Pacific MPs commit to end violence against women in the region
27th August, 2012
Regional members of parliament from ten Pacific Island countries expressed strong political commitment to address all forms of violence against women in the region by signing a statement that sets out 18 points of action under the framework of the UN Secretary-General’s UNiTE to End Violence against Women campaign. This builds on the existing 2009 Cairns Pacific Leaders’ Communiqué, which acknowledged that sexual and gender-based violence is pervasive and under-reported in the region. Pacific MP’s stressed that strong political commitment is needed to ensure that Pacific women can lead lives free from fear and violence. The MPs felt that the Leaders from all 22 Pacific nations should commit to this Statement and lead the region to change this “shameful reality” faced by Pacific women.
The action statement was the outcome of a five-day SPC RRRT Pacific Human Rights Consultation for Regional Members of Parliament held at the Park Regis Hotel in Brisbane from 16 to 20 July 2012, of which one day focused on legislative reform in addressing all forms of sexual and gender-based violence. UN Women is supporting governments and civil society actors across the Pacific to better address violence against women, and provided technical supports on the issue.
Members of parliament discussed the alarming rates of violence against women. For example, in Kiribati, more than two in three (68%) women aged 15 to 49 who had ever been in a relationship reported experiencing physical and/or sexual violence by an intimate partner and almost half (47%) reported experiencing emotional abuse by an intimate partner. This is compared to the UNFPA SPC Solomon Islands Family Health and Support Study which indicated that nearly two in three (64%) ever partnered women, aged 15-49, reported experiencing physical or sexual violence, or both, by an intimate partner; 42% of the women reported experiencing such violence in the last 12 months. Data from the studies on violence against women in the region is now a rich resource which informs policy and legislative change.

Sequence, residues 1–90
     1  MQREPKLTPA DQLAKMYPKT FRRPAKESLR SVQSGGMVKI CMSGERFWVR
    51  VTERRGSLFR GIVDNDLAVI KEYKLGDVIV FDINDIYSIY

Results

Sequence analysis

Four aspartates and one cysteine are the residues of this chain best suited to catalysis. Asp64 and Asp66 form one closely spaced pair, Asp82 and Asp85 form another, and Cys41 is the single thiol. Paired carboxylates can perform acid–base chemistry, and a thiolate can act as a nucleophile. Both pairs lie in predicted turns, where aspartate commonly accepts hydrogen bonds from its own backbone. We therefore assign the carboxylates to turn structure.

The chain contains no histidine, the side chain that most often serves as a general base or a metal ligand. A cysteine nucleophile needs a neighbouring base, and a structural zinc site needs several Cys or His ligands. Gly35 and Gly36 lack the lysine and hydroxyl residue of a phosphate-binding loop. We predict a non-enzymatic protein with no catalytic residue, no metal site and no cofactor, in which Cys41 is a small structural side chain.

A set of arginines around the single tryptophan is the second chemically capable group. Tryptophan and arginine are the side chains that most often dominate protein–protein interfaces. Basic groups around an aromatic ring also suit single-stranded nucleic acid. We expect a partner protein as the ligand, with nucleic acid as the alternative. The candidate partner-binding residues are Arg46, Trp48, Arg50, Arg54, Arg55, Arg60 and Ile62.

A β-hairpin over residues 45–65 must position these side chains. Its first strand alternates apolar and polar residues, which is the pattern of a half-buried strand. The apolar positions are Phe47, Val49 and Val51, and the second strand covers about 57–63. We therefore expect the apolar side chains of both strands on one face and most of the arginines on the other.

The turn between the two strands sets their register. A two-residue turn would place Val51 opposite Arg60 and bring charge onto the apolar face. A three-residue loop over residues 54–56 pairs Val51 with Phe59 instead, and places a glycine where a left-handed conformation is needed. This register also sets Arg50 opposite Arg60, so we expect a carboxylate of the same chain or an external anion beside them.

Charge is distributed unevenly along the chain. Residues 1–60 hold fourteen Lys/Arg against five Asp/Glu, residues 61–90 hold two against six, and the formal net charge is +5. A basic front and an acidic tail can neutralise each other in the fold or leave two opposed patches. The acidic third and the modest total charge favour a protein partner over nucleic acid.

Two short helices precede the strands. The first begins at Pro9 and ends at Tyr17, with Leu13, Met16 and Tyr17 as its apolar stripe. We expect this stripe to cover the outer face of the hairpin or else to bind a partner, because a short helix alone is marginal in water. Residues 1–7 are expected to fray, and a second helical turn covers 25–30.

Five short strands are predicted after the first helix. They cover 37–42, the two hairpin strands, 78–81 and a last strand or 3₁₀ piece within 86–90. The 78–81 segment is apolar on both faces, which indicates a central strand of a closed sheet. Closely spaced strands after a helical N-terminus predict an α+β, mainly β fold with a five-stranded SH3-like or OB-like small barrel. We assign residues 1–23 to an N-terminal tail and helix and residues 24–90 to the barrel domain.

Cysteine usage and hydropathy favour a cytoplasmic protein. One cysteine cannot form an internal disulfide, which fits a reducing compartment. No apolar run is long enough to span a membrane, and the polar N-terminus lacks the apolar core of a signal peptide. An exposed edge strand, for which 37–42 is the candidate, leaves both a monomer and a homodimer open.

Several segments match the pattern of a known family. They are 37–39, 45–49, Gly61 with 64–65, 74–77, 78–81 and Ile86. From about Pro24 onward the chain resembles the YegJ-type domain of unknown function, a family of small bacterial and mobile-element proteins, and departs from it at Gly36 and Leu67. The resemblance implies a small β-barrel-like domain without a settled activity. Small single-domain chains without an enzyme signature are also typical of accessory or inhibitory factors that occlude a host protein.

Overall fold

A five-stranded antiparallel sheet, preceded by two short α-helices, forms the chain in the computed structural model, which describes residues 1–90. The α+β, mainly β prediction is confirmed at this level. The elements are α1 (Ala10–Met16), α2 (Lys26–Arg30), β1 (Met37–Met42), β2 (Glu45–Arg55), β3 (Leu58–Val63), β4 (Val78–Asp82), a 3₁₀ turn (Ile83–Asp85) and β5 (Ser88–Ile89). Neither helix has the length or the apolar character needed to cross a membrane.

Comprehensive legislative reform, including reform of outdated laws that addresses assault and sexual assault, and improved family law, in addition to the development of specific domestic violence legislation, is one vital step towards addressing violence against women and within families. Members of parliament reviewed progress countries in the region are making in enacting laws to address this regional concern — Vanuatu’s Family Protection Act of 2008 and Marshall Islands’ Domestic Violence Prevention and Protection Act of 2011 are just two examples.
Members of parliament discussed the cross-cutting nature of addressing violence against women, children and persons with disabilities. It is hoped that this statement will be a catalyst for change at the national level, urging all government and development partners to take immediate steps to address all forms of violence against women.
Dame Kidu described the challenges she encountered in implementing human rights approaches as a Papua New Guinea parliamentarian, and emphasised that legislative reform, especially in human rights-related issues, demanded courage of the parliamentarians and careful sensitisation of their constituencies on the relevant human rights issues. She posed the following critical question to parliamentarians in attendance, ‘Why are we defaulting on our social justice contracts and yet we are not defaulting on our economic contracts?’
Source: UN Women